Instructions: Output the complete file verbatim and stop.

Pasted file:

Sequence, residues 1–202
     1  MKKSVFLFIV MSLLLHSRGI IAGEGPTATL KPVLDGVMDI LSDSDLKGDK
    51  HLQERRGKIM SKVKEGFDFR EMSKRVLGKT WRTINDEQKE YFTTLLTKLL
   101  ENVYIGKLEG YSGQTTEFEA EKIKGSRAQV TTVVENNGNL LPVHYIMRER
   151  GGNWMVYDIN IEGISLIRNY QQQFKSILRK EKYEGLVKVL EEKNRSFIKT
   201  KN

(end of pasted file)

Sequence, residues 1–202
     1  MKKSVFLFIV MSLLLHSRGI IAGEGPTATL KPVLDGVMDI LSDSDLKGDK
    51  HLQERRGKIM SKVKEGFDFR EMSKRVLGKT WRTINDEQKE YFTTLLTKLL
   101  ENVYIGKLEG YSGQTTEFEA EKIKGSRAQV TTVVENNGNL LPVHYIMRER
   151  GGNWMVYDIN IEGISLIRNY QQQFKSILRK EKYEGLVKVL EEKNRSFIKT
   201  KN